# Descriptive statistics and data normalization with CNTK and C#

As you probably know CNTK is Microsoft Cognitive Toolkit for deep learning. It is open source library which is used by various Microsoft products. Also the CNTK is powerful library for developing custom ML solutions from various fields with different platforms and languages. What is also so powerful in the CNTK is the way of the implementation. In fact the library is implemented as series of computation graphs, which  is fully elaborated into the sequence of steps performed in a deep neural network training.

Each CNTK compute graph is created with set of nodes where each node represents numerical (mathematical) operation. The edges between nodes in the graph represent data flow between operations. Such a representation allows CNTK to schedule computation on the underlying hardware GPU or CPU. The CNTK can dynamically analyze the graphs in order to to optimize both latency and efficient use of resources. The most powerful part of this is the fact thet the CNTK can calculate derivation of any constructed set of operations, which can be used for efficient learning  process of the network parameters. The flowing image shows the core architecture of the CNTK. On the other hand, any operation can be executed on CPU or GPU with minimal code changes. In fact we can implement method which can automatically takes GPU computation if available. The CNTK is the first .NET library which provide .NET developers to develop GPU aware .NET applications.

What this exactly mean is that with this powerful library you can develop complex math computation directly to GPU in .NET using C#, which currently is not possible when using standard .NET library.

For this blog post I will show how to calculate some of basic statistics operations on data set.

Say we have data set with 4 columns (features) and 20 rows (samples). The C# implementation of this 2D array is show on the following code snippet:

static float[][] mData = new float[][] {
new float[] { 5.1f, 3.5f, 1.4f, 0.2f},
new float[] { 4.9f, 3.0f, 1.4f, 0.2f},
new float[] { 4.7f, 3.2f, 1.3f, 0.2f},
new float[] { 4.6f, 3.1f, 1.5f, 0.2f},
new float[] { 6.9f, 3.1f, 4.9f, 1.5f},
new float[] { 5.5f, 2.3f, 4.0f, 1.3f},
new float[] { 6.5f, 2.8f, 4.6f, 1.5f},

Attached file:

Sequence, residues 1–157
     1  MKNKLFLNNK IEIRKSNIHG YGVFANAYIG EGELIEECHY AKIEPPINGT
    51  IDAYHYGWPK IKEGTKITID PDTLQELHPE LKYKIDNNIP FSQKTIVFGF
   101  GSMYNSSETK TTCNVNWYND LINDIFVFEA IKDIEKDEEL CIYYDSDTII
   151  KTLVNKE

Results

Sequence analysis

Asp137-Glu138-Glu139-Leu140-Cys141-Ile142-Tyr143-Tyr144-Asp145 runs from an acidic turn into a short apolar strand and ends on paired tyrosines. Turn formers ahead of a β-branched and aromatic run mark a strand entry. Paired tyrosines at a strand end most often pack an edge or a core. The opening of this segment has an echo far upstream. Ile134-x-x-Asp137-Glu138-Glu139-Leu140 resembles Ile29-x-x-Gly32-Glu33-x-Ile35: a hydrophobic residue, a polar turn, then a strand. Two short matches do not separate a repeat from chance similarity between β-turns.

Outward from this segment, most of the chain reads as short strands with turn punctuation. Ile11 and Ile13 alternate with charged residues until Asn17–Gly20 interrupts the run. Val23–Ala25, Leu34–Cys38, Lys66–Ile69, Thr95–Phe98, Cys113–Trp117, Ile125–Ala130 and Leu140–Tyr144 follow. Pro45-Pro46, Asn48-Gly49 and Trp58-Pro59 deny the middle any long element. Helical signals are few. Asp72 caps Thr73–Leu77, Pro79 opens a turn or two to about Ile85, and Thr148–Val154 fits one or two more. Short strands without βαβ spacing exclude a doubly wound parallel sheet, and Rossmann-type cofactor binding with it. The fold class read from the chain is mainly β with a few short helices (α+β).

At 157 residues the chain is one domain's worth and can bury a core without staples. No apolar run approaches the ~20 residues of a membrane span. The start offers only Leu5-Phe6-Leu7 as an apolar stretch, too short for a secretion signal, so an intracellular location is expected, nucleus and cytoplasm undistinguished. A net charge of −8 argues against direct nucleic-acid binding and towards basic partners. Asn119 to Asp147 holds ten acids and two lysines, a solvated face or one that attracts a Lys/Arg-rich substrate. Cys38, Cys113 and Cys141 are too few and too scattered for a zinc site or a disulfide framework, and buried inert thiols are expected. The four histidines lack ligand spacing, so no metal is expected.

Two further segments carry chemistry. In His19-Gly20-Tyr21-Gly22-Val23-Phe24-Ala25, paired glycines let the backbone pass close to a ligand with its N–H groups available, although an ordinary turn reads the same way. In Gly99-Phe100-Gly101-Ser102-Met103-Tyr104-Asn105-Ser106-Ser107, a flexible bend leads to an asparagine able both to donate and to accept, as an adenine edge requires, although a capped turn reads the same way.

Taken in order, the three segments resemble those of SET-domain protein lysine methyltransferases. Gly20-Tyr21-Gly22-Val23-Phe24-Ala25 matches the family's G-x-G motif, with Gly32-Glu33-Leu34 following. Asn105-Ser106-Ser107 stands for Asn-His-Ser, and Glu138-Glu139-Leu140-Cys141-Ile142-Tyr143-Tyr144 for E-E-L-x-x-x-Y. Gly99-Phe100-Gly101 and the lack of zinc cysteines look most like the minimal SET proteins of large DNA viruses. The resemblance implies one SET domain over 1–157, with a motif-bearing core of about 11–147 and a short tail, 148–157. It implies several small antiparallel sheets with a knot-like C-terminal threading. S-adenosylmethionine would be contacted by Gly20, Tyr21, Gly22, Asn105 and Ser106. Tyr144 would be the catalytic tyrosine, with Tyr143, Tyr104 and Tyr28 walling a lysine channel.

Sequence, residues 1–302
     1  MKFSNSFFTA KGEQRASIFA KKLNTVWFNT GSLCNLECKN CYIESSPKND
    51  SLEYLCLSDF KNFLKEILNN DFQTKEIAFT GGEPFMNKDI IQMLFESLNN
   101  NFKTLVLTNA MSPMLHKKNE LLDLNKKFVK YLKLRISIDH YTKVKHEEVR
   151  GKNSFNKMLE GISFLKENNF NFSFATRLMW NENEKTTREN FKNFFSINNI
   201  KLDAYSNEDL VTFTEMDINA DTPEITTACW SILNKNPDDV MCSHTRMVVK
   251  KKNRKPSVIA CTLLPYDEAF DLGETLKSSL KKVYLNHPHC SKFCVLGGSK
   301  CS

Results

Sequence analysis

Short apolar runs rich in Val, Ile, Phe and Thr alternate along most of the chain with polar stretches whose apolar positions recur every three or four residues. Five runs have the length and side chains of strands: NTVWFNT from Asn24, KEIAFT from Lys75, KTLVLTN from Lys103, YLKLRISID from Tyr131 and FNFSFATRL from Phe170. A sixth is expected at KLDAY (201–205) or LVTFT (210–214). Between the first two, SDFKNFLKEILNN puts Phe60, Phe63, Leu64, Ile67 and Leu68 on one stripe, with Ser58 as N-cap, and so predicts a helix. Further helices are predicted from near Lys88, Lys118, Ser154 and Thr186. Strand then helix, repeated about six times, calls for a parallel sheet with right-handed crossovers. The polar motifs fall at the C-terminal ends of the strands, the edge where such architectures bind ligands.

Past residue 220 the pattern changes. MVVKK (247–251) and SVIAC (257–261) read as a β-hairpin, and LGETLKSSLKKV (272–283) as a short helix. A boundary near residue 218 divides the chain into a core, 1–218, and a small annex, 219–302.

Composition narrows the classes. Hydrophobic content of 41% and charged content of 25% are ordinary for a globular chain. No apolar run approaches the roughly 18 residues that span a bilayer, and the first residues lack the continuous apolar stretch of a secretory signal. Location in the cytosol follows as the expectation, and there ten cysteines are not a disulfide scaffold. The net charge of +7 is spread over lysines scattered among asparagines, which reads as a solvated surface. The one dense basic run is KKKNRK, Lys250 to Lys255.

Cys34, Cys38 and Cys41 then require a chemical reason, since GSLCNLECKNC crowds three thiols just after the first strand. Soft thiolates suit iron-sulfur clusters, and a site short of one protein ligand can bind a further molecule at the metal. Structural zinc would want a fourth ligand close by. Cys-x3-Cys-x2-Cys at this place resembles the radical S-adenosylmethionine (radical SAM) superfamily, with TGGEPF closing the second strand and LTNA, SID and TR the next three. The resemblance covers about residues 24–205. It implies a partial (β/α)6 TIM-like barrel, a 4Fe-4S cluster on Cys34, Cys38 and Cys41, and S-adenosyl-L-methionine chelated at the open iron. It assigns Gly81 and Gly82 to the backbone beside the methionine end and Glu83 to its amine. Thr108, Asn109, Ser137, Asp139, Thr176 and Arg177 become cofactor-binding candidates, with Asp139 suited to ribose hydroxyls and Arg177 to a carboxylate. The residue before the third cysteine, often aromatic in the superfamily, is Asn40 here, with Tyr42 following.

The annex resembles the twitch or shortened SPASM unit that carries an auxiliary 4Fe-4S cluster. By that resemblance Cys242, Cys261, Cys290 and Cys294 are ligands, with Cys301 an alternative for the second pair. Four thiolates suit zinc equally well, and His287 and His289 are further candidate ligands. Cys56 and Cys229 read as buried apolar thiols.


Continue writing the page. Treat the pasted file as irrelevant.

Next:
new float[] { 5.0f, 3.4f, 1.5f, 0.2f},
new float[] { 4.4f, 2.9f, 1.4f, 0.2f},
new float[] { 4.9f, 3.1f, 1.5f, 0.1f},
new float[] { 5.4f, 3.7f, 1.5f, 0.2f},
new float[] { 4.8f, 3.4f, 1.6f, 0.2f},
new float[] { 4.8f, 3.0f, 1.4f, 0.1f},
new float[] { 4.3f, 3.0f, 1.1f, 0.1f},
new float[] { 6.5f, 3.0f, 5.8f, 2.2f},
new float[] { 7.6f, 3.0f, 6.6f, 2.1f},
new float[] { 4.9f, 2.5f, 4.5f, 1.7f},
new float[] { 7.3f, 2.9f, 6.3f, 1.8f},
new float[] { 5.7f, 3.8f, 1.7f, 0.3f},
new float[] { 5.1f, 3.8f, 1.5f, 0.3f},};


If you want to play with CNTK and math calculation you need some knowledge from Calculus, as well as vectors, matrix and tensors. Also in CNTK any operation is performed as matrix operation, which may simplify the calculation process for you. In standard way, you have to deal with multidimensional arrays during calculations. As my knowledge currently there is no .NET library which can perform math operation on GPU, which constrains the .NET platform for implementation of high performance applications.

If we want to compute average value, and standard deviation for each column, we can do that with CNTK very easy way. Once we compute those values we can used them for normalizing the data set by computing standard score (Gauss Standardization).

The Gauss standardization is calculated by the flowing term: $nValue= \frac{X-\nu}{\sigma}$,
where X- is column values, $\nu$ – column mean, and $\sigma$– standard deviation of the column.

For this example we are going to perform three statistic operations,and the CNTK automatically provides us with ability to compute those values on GPU. This is very important in case you have data set with millions of rows, and computation can be performed in few milliseconds.

Any computation process in CNTK can be achieved in several steps:

1. Read data from external source or in-memory data,
2. Define Value and Variable objects.